1 electron = 1 photon?

Started Apr 12, 2013 | Discussions thread
alanr0 Senior Member • Posts: 2,094
Re: Photon rate vs Optical Power: photometric or radiometric values

Jack Hogan wrote:

Marianne Oelund wrote:  Photons near 400nm do occasionally produce more than 1 electron in silicon, but the rate is low enough that it isn't a significant factor in the operation of our camera sensors.

Ok, thanks Marianne.  So if one were to try to calculate from an estimate of the sensor's electron output (calculated through shot noise SNR) the number of Exposure related photons reaching the area of the relative photosite, one could simply divide the number of electrons by a wavelength dependent conversion factor (what is sometimes referred to at various levels as QE).  Which brings us to the question of estimating this conversion factor.

1) I assume that for practical purposes one should use an average value across the sensor's spectrum for the conversion factor, a sort of effective QE, it being determined keeping in mind the spectral power distribution of the illuminating light and the wavelength dependent attenuating properties of the various filters/lenses/coatings above silicon, CFA and charge collection efficiency being two main contributors, right?

QE and irradiance both vary with wavelength.  To calculate the average QE, sum the product of QE and spectral irradiance over the wavelength range of interest, and divide by the sum of spectral irradiance over the same wavelength range.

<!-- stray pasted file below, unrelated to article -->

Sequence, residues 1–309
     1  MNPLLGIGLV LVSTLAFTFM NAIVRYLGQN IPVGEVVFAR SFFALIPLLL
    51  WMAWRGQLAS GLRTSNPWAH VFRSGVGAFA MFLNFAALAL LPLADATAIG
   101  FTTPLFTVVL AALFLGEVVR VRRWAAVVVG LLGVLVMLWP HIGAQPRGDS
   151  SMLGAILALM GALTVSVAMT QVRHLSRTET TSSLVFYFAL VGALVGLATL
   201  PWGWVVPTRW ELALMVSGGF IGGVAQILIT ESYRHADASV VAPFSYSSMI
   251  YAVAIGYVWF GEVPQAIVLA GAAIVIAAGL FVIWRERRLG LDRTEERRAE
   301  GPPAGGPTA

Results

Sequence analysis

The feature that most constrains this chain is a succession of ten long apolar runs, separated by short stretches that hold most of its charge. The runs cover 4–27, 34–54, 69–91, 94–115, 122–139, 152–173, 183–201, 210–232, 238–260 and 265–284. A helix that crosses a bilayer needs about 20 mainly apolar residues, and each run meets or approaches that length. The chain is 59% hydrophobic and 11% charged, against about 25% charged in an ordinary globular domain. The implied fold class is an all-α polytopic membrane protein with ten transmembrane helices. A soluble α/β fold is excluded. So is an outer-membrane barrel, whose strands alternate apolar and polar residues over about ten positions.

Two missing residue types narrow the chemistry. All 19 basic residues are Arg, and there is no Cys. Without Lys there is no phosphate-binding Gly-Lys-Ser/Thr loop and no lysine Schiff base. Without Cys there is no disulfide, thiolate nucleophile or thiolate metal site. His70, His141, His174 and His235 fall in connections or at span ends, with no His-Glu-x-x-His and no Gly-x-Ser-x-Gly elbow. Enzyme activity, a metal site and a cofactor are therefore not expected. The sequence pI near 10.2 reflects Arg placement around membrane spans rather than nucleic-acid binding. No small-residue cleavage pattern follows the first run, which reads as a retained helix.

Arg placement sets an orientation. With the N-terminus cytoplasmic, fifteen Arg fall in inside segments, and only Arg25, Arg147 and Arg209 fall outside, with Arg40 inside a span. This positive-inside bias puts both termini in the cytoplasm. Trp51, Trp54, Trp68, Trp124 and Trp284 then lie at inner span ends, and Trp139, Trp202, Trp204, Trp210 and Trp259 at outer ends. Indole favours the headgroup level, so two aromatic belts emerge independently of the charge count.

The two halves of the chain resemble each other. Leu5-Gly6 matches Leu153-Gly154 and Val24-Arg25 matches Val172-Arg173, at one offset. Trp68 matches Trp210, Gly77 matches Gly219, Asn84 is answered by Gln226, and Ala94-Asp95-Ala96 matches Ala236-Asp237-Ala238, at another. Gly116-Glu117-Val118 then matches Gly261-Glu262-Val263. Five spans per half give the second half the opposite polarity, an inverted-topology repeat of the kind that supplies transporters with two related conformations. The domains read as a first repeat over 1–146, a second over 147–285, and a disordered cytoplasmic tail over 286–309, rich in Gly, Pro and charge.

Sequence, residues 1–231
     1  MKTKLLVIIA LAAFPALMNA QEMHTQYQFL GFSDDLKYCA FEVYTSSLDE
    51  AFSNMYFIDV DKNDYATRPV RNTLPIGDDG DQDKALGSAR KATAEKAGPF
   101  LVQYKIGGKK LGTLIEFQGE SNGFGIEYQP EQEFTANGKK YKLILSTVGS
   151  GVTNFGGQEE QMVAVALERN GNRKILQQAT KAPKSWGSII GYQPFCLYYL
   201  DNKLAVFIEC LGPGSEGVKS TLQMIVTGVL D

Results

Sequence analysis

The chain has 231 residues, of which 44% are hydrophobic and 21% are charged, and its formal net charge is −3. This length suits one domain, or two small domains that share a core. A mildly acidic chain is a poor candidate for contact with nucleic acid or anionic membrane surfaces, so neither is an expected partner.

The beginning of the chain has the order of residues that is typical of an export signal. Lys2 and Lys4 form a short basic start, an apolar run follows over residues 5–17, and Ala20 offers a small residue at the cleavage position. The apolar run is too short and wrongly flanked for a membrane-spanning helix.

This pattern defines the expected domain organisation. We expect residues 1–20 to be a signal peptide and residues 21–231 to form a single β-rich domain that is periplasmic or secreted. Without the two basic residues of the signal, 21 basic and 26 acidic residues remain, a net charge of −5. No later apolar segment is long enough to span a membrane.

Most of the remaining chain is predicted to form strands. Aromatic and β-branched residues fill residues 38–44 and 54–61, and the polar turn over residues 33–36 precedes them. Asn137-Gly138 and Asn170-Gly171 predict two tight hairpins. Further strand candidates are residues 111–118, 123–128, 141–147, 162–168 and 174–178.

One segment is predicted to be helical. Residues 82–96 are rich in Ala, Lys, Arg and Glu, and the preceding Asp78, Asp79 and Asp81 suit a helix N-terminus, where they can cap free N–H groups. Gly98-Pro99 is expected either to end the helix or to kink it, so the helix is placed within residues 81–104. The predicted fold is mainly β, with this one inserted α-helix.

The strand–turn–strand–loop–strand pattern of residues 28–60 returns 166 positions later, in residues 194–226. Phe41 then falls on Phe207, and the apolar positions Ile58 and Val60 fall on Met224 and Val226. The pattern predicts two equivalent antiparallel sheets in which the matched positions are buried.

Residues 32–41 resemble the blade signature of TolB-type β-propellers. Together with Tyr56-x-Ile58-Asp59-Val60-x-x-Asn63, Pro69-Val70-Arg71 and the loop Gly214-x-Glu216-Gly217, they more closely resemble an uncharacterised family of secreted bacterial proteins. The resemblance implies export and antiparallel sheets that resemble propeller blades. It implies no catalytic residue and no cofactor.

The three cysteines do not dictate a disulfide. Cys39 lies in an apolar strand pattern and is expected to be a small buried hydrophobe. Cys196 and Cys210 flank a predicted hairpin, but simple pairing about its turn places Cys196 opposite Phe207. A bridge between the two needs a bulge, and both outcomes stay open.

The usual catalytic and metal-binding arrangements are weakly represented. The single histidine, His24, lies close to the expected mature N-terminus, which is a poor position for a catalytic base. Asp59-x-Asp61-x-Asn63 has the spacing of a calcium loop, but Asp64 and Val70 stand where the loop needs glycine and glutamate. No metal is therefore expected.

In general, if the irradiance spectrum changes, then so does the average QE.  You will need to re-calculate the number of photons incident, and the number of electrons released.

How do you decide what constitutes an 'exposure related photon'.  Does a 750 nm photon count? The human eye can (just) detect such wavelengths, but is around 8000 times more sensitive to green light.  The sensor's QE will vary strongly in this region too, especially if an IR blocking filter is installed.  If you specify a sharp spectral cut-off, the number of 'related photons' you calculate will depend on the cut-off wavelength selected.  For black body illumination, increasing the upper wavelength of the summation from 700 to 800 nm would increase the number of photons counted, without changing the number of electrons generated.

2) Intuitively I would use floating point math for this operation.  Is there a good reason why one should use integer math instead?

I can't think of a good reason.  The transmission and conversion probabilities are all fractional.

For instance if I do this for a D4 and D50 or so light off of DxO SNR curves, I get an effective QE of 15.9%, which for 7.01 e-/ADU at ISO 100 mean 44.11 photons/ADU.  electron Unity Gain is around ISO 700 and photon unity gain is around ISO 4400 - whatever the value of these gains is.

I assume these values are averaged over all types of sensel (R, G, B).  Are these 'green equivalent' spectrally weighted photons, or are you simply counting photons over the full visual spectrum?

Are you looking for precise photon numbers for some specific purpose, or just interested in the relative efficiency of D4/D50 and other sensors?

The DxO curves are linked to ISO speed, so presumably use ISO 7589 D55 (daylight) illumination.  ISO speed is based on photometrically weighted illuminance (lux) values, rather than radiometric irradiance (W/m^2) values.  If you want pure unweighted photon numbers then you need to acount for photometric weighting as well as the illumination spectrum and the wavelength dependence of QE.


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Alan Robinson

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